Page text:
MOSES LAKE — Jerry Kayser sees the world a little differently from most folks. Some people can gaze at a Columbia Basin landscape, not think too much about it and go about their day. For Kayser, a simple landscape is never simple. To Kayser a landscape, a sunrise or a snowy owl means potential. They mean possibility, and above and beyond all else they mean immense beauty to capture, document and share so that, if only for a little while, people can view the beauty around them the same way that he does.
“I look at almost anything anymore and I think to myself ‘I wonder how that would look through my camera.’ I notice things so much more now too,” he says.
Kayser, who owns and operates Kayser's Chapel of Memories in Moses Lake with his wife Ronda, has always taken pictures. Even as a kid he had an interest in the art of photography. He didn’t become an avid shutterbug until his college years when his wife got him a Nikon with a fixed lens for Christmas.
“You know it was nothing special. But the quality of the pictures was amazing compared to everything else that I took.”
As the years progressed Kayser’s interest in photography was put to good use documenting his kids as they grew up. His interest in photography only grew when film photography gave way to digital and a world of possibilities was opened.
“Over the last three years I have been able to get professional-level equipment and that has completely changed how I look at everything,” he explained.
With the exception of some tips from fellow local photographers, Kayser is almost completely self-taught. Thousands of dollars have been spent on lenses, gadgets, gizmos and picture processing/editing applications. He is a constant tinkerer and is always thinking about what could turn into an amazing shot. Out of that interest a hobby was born and out of that hobby a true skill for documenting the world was cultivated.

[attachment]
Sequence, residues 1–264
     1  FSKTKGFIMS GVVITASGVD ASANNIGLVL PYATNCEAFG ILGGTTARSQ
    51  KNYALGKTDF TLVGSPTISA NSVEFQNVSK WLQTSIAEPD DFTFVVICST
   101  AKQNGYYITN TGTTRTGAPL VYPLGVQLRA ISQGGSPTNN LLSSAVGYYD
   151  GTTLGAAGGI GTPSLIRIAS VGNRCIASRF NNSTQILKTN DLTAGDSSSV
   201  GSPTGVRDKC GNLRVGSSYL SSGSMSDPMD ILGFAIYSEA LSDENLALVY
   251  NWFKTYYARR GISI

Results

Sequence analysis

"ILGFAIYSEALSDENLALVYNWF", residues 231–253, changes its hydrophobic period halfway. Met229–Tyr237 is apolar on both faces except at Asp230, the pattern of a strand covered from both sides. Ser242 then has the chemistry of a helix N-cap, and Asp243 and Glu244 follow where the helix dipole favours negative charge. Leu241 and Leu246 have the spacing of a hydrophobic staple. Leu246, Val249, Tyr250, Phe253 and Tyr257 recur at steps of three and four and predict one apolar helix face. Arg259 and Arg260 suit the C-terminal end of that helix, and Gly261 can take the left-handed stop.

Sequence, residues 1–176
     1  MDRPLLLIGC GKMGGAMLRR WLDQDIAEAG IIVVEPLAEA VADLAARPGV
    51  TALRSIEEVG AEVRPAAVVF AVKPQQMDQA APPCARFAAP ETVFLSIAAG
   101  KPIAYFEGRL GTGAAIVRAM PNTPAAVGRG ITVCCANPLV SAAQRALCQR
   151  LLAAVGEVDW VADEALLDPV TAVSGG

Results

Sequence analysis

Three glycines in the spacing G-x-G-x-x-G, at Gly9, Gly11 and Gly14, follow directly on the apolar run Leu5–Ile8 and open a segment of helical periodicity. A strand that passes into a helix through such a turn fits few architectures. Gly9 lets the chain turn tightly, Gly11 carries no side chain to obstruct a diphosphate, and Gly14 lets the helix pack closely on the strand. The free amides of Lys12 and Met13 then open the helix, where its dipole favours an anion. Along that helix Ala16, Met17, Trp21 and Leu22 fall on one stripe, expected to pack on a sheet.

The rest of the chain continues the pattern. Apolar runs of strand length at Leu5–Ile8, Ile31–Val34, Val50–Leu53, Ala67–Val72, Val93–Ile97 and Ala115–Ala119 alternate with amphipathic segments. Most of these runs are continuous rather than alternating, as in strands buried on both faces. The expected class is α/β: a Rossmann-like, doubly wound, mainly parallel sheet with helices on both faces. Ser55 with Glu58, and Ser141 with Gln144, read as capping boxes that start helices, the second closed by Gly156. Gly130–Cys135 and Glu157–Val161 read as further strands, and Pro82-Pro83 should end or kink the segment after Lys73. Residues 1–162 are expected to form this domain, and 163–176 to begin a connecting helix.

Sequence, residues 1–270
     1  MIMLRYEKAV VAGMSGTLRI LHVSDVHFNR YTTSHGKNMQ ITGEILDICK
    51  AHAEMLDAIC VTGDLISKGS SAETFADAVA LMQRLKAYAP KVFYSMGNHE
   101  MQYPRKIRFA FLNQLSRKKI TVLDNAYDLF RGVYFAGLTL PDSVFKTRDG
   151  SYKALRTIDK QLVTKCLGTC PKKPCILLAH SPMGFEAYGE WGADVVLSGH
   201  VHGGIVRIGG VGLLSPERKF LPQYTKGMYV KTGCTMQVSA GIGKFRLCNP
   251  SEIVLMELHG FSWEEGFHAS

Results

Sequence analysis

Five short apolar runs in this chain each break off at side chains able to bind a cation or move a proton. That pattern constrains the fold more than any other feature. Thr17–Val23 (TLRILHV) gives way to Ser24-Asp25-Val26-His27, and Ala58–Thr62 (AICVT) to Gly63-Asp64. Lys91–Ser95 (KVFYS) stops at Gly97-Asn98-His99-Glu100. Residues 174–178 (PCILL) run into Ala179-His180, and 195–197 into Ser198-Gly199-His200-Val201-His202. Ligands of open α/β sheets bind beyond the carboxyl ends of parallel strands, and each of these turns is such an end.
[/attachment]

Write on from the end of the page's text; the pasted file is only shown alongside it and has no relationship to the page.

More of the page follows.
From taking pictures of the Coulee Corridor, or homesteads near Odessa and in the Almira-Hartline area, to the Northern Lights, pictures taken overhead via his drone and countless shots of wildlife, he says his photography has allowed him to go out and see parts of the Basin that he never would have seen otherwise.
The results of his skills have not gone unrecognized. Kayser’s work has appeared in the Columbia Basin Herald several times and is constantly making its rounds on Facebook and other social media. All of that is good and fun, but Kayser doesn’t pour countless hours of work into his photography for the recognition or pats on the back from his fellow local photographers, or as he likes to call them, his friends.
“I’m keeping it fun. I don’t want to be serious about it. I don’t want people to think I’m trying to compete with them or anything else.”
Richard Byrd can be reached via email at firstname.lastname@example.org.